Program Schedule

1440
Central Venous Catheter Retention and Mortality in Children with Candidemia: A Retrospective Cohort Analysis

Session: Poster Abstract Session: Fungal Infections
Saturday, October 11, 2014
Room: The Pennsylvania Convention Center: IDExpo Hall BC
Background: Candidemia causes significant morbidity and mortality among hospitalized children.  Prompt removal of a central venous catheter (CVC) is often recommended for adults with candidemia to decrease the likelihood of persistent and metastatic infection, but pediatric specific data are limited. We investigated the association of CVC retention and 30-day all cause mortality in a pediatric specific cohort.

Methods: We performed a retrospective cohort study of inpatients (age 0 to <19 years) with candidemia at the Children’s Hospital of Philadelphia between 2000 and 2012 who had survived and retained their CVC at least one day beyond the blood culture being positive for yeast. A structured data collection instrument was used to retrieve clinical and laboratory data. A discrete time failure model was used to assess the association of CVC retention and 30-day all cause mortality. CVC exposure was not considered until the day after the culture was known to be positive for a Candida species. We adjusted for age and the complexity of clinical care prior to onset of candidemia. Complexity of clinical care included recent exposure to immune suppressive agents, recent requirement for parenteral nutrition, and admission to the ICU at time of blood culture. 

Results: Of the 436 incident cases of candidemia, 289 (64%) had a CVC in place at the time of blood culture and survived at least one day after candidemia onset. Among these 289 patients, 30 (10%) died within 30 days of candidemia diagnosis. CVC retention was significantly associated with an increased risk of death on a given day (OR: 2.53, 95% CI: 1.07 to 5.98).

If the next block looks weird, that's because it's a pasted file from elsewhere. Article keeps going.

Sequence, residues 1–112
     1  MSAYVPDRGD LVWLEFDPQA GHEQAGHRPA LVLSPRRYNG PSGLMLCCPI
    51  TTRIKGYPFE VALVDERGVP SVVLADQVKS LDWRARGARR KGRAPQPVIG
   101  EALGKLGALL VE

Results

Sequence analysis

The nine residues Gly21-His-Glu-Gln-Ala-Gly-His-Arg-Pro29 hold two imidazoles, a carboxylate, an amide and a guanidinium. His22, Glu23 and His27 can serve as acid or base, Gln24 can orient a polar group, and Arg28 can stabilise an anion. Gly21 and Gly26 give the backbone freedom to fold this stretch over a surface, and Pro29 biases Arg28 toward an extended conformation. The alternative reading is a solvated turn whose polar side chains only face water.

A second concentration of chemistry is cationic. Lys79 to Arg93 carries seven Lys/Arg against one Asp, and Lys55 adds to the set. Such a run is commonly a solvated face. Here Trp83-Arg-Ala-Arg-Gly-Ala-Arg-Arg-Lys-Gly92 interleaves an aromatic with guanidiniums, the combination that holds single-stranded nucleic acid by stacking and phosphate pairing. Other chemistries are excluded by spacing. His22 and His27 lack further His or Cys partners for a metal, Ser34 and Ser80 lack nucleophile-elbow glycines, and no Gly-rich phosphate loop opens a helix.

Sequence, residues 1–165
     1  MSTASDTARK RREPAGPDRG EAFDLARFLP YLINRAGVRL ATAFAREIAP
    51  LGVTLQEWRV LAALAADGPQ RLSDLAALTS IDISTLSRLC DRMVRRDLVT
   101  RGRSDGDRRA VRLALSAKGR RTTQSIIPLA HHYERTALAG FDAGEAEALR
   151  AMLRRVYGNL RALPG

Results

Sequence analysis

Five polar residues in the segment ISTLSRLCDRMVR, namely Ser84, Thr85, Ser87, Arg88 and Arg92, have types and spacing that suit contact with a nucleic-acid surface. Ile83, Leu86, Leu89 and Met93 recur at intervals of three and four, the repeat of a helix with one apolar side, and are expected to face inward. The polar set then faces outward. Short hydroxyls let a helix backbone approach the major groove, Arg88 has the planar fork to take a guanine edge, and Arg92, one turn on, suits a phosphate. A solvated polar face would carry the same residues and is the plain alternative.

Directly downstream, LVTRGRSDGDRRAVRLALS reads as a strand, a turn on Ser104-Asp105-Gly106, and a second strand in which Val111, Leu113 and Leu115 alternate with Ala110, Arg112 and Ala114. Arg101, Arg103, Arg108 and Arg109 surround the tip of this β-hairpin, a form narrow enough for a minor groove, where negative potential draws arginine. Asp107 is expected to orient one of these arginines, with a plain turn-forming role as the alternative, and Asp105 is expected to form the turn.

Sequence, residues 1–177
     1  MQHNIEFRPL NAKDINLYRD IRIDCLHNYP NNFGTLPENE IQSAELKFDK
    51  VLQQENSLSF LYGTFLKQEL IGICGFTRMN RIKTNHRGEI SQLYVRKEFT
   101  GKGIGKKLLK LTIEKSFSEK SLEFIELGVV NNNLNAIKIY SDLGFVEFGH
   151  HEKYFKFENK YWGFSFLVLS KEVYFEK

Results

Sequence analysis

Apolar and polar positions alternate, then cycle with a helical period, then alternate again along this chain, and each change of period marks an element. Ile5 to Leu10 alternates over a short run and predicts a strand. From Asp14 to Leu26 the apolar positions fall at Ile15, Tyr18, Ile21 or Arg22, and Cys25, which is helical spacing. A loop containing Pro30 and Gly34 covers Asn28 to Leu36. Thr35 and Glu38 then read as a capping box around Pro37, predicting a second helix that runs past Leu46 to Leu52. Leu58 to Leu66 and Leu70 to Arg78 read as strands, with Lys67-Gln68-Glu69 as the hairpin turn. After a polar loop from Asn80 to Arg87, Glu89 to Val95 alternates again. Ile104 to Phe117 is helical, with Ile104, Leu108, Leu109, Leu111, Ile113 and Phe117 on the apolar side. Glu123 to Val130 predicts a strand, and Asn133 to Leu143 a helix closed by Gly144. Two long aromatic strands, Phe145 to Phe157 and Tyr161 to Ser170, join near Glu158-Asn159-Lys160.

Conclusion:

Retention of a CVC was associated with an increased risk of death after adjusting for age and complexity of care at candidemia onset. These results need to be interpreted with caution, as there is likely persistence of unmeasured confounding. However, given the negative association between catheter retention and death, our data suggest that early CVC removal should be strongly considered in pediatric patients with candidemia.

Brian Fisher, DO, MPH, MSCE1,2, Neika Vendetti, MPH3, Matthew Bryan, PhD4, Priya Prasad, MPH5, A. Russell Localio, PhD6, Charalampos Gousis, MD7, Andreas Damianos, MD1, Susan E. Coffin, MD, MPH8, Robert Gross, MD, MSCE9 and Theoklis Zaoutis, MD, MSCE3, (1)The Children's Hospital of Philadelphia, Philadelphia, PA, (2)Center for Clinical Epidemiology & Biostatistics, Perelman School of Medicine, University of Pennsylvania, Philadelphia, PA, (3)Division of Infectious Diseases, Center for Pediatric Clinical Effectiveness, the Children's Hospital of Philadelphia, Philadelphia, PA, The Children's Hospital of Philadelphia, Philadelphia, PA, (4)Department of Pediatrics, Children's Hospital of Philadelphia, Philadelphia, PA, (5)Department of Epidemiology and Biostatistics, University of California San Francisco, San Francisco, CA, (6)University of Pennsylvania School of Medicine, Philadelphia, PA, (7)Division of Infectious Diseases, Center for Pediatric Clinical Effectiveness, The Children's Hospital of Philadelphia, Philadelphia, PA, (8)Division of Infectious Diseases, The Children's Hospital of Philadelphia, Philadelphia, PA, (9)The University of Pennsylvania, Philadelphia, PA

Disclosures:

B. Fisher, None

N. Vendetti, None

M. Bryan, None

P. Prasad, None

A. R. Localio, None

C. Gousis, None

A. Damianos, None

S. E. Coffin, None

R. Gross, None

T. Zaoutis, Merck: Investigator, Research grant
Merck: Consultant, Consulting fee
Pfizer: Consultant, Consulting fee
Astellas: Consultant, Consulting fee

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